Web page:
This year is the anniversary year of so many films I love. Was it the content/quality of the films or was it the age that I was - fifteen, the year of searching and trying on selves? I had a piece published in the Age yesterday about Pretty in Pink. When I pitched it, I was hoping to find some real actual modern day teenagers to watch it with, to see if it held up, but I was a bit late to that (although - hey, interesting focus group idea!). In the end in typical solipsism I wrote about what it meant to ME. It had been a while since I'd seen it, but I wasn't bored at all. Something I thought about - from a structure perspective is how Andrew McCarthy and Molly Ringwald's characters only get three encounters on which to build their crush - it's more than a bit ridiculous in the end where he whispers "I love you ... always" into her hair, but reminded me how in teenage terms a moment can be an eternity. Anyway, it starts like this:
"Love is awful."
"Love is complicated."
"Love is a bitch, Duck."
If Pretty in Pink taught me anything in 1986 it was that love was all those things, but it was also a reason to get out of bed in the morning – the hope of it, anyway. Nothing was going to happen at school, but there was always the commute: maybe I'd bump into my dream guy in the food court. We'd share donut holes and talk about the Smiths. At 15 I was so far from romantic love that I practically have a violin soundtrack to my memory stream. That was me on the train with the acne and ankle socks staking out porcelain-skinned private school boys, or shabby punks thumbing Fear & Loathing in Las Vegas.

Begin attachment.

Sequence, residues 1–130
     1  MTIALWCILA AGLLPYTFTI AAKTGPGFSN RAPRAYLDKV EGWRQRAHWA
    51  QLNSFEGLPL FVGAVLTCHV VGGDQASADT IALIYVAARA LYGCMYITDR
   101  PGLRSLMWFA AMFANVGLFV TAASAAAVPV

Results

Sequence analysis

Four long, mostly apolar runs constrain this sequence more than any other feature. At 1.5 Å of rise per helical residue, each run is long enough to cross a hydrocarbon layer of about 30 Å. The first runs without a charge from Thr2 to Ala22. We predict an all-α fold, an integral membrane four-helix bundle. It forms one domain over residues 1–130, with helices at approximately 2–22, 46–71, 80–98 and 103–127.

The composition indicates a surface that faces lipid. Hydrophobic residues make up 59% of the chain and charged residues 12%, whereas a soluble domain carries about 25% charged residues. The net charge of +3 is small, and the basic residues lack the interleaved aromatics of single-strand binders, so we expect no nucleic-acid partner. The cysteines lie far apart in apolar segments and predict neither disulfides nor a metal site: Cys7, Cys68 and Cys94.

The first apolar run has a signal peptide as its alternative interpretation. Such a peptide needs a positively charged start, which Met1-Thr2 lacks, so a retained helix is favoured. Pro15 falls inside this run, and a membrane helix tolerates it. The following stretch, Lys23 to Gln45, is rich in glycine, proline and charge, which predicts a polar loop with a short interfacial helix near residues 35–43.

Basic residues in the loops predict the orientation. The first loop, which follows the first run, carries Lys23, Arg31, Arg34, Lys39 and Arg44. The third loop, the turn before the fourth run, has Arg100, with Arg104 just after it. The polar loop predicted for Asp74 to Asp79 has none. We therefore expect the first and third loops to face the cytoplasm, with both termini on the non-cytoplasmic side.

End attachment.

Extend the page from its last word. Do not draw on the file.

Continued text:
Teenage romantics have to get it where they can. One of my Year 10 texts was Wuthering Heights, but that was too sophisticated for me. I didn't really understand Cathy crying, "Nelly, I am Heathcliff"; I was taking my cues from teen movies. Hollywood seemed to have moved on from the story-less breast-fests of Porky's and Animal House, and John Hughes was in ascendance ...